Faster Payments, aka Real-Time Payments, has been gaining steady adoption around the globe. In the U.S., TCH (The Clearing House) introduced Real-Time Payments (RTP) in 2017, following which, several Financial Institutions, FinTechs and other stakeholders have been using the platform, accounting for over $250B worth of transactions in 2018.

Real-time payment apps such as Zelle and Venmo have been popular for some time now; however, these are consumer facing apps for P2P payments, although the underlying platforms such as Visa Direct and Mastercard VocaLink can handle B2C payments. TCH and 40 such instant payment rails worldwide, are suited to B2B and B2C payments which have the complexities of cross-border payments, cross-currency, high-value transactions, multiple Methods of Payment (MOP), account switching, payment re-routing, and handling a multitude of clearing schemes, protocols, channels, etc.

The U.S. isn’t the only country – or even the first – to come up with a faster payment scheme. South Korea ushered in fast payments in the early 2000s, followed by Malaysia, Iceland, and South Africa. The United Kingdom became the first major economy to launch Faster Payments in 2008, followed by China, India, Brazil, Mexico and Singapore. The European Union launched SCT Inst for Credit Transfers, and then rolled out the TIPS (Target Instant Payment Settlement) platform in 2018. Australia, too, started the NPP Service in 2018 for real-time payments.

Faster Payments and an enhanced infrastructure are enabling financial institutions and FinTechs to bring new products and services to the marketplace and create new revenue streams, such as providing intra-day loans to corporations and offering liquidity management services. The drivers for RTP adoption include technology advancements with smartphone and payments linked with social apps, merchants’ desire to receive funds fast and reduce fraud, and customer expectations of an immediate settlement with no transaction fees.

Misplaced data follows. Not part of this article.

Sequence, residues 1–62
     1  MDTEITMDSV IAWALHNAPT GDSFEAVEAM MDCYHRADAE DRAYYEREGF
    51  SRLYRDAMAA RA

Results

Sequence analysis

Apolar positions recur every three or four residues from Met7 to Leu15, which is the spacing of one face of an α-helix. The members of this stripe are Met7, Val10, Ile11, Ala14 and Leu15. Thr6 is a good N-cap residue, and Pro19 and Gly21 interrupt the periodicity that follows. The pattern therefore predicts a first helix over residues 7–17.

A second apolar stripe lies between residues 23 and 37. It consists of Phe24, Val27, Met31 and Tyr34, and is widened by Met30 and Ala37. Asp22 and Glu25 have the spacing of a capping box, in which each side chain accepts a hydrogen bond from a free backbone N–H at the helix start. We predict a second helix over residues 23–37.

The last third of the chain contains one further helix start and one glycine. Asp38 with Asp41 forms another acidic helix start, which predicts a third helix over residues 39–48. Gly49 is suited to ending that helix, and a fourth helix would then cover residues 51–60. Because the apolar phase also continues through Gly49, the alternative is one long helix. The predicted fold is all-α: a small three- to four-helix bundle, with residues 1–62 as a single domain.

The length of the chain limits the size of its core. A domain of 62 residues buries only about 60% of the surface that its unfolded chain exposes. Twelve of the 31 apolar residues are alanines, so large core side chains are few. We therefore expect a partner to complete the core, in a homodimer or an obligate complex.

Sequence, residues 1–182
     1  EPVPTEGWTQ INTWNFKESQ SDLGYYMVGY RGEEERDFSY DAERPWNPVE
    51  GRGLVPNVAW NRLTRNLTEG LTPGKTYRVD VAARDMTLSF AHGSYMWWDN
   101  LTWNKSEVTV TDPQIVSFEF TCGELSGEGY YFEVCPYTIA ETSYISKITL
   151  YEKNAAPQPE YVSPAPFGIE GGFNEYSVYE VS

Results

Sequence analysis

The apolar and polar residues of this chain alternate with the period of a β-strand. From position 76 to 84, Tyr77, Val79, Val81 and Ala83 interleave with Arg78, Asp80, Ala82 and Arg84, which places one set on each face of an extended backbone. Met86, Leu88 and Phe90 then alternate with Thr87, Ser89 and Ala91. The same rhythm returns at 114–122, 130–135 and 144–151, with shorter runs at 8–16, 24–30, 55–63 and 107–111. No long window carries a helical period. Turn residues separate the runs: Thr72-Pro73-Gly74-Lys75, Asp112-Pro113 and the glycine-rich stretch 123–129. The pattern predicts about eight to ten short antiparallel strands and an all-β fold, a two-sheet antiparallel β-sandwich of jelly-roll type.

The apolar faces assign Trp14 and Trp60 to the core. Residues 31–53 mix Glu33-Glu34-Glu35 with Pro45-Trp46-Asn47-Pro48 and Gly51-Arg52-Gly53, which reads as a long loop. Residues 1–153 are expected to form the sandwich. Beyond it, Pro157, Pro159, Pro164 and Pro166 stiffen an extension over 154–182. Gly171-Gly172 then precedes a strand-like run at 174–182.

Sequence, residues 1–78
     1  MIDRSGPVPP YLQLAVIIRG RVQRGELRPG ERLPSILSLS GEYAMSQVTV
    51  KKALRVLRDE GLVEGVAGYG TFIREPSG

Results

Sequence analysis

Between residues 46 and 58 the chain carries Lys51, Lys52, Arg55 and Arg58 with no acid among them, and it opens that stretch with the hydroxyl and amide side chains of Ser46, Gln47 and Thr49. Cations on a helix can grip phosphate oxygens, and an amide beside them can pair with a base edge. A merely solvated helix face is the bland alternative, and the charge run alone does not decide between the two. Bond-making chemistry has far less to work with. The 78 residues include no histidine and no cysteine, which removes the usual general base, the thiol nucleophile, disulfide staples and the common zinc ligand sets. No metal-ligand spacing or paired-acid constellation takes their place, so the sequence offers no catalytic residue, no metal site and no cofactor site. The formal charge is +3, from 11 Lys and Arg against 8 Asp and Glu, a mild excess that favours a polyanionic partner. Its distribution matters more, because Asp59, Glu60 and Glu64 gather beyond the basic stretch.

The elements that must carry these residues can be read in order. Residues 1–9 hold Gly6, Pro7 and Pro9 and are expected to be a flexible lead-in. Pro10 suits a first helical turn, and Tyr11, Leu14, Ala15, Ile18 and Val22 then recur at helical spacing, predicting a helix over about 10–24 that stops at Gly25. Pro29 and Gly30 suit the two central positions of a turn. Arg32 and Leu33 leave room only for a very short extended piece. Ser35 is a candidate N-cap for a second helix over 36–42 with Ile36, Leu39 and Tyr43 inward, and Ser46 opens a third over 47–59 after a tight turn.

Challenges in Supporting Faster Payments

Traditionally, Treasury Operations teams at banks have been controlling payments using a manual process involving fixing errors, making liquidity arrangements, bypassing cutoff requirements, etc. The underlying systems are slow, batch-driven and lack instantaneous processing 24/7/365.

The challenges are quite enormous: being highly available, always-on, scaling up or down depending on the speed of incoming RFPs (request-for-pay), meeting the stringent SLAs mandated by the RTP Payment rails, predicting liquidity needs to a certain limit, integrating with core banking platforms for account hard-postings and balances, MOP selection based on a multitude of rules, enriching the payments data as required in various steps of the flow, providing an omnichannel experience across devices, and checking with back-end systems for fraud detection, sanctions, and AML.

Financial Institutions and FinTechs started integrating/consolidating their back-end systems into ‘Payment Hubs’. However, most of these have been built 15-20 years ago and do not satisfy the requirements & SLAs demanded by the new wave of Real-Time Payments platforms.